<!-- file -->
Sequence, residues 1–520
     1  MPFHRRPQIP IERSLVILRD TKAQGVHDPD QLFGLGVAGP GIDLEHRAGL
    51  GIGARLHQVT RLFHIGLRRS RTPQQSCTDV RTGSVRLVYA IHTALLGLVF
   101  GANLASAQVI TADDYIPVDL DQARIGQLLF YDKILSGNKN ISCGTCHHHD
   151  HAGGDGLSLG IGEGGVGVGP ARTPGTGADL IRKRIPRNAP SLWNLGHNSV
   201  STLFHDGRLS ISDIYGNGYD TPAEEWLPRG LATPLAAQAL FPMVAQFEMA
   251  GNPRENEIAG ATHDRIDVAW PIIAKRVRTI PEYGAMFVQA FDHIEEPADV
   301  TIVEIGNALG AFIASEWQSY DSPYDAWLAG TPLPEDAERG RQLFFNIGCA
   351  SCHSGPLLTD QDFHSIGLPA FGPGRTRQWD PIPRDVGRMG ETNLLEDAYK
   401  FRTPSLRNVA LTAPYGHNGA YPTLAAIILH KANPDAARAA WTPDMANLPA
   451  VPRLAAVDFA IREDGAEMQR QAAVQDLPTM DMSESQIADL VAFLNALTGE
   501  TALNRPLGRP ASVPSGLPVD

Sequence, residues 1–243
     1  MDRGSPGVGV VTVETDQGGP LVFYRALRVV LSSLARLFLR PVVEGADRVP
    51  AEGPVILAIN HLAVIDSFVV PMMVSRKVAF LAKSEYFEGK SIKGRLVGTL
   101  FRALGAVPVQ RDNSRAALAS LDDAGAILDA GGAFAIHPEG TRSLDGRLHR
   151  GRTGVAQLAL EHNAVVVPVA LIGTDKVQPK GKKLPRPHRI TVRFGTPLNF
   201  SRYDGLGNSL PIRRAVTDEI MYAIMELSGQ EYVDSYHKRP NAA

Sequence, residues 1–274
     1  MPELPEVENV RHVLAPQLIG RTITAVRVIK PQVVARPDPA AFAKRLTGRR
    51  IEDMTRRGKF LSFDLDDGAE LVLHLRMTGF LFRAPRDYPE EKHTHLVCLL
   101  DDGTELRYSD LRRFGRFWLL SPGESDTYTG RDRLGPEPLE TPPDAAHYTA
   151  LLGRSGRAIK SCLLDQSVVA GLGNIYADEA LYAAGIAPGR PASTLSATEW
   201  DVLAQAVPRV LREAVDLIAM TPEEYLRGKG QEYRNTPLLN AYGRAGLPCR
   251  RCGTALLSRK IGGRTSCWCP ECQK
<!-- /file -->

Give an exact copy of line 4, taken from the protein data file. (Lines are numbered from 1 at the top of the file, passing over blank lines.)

   101  GANLASAQVI TADDYIPVDL DQARIGQLLF YDKILSGNKN ISCGTCHHHD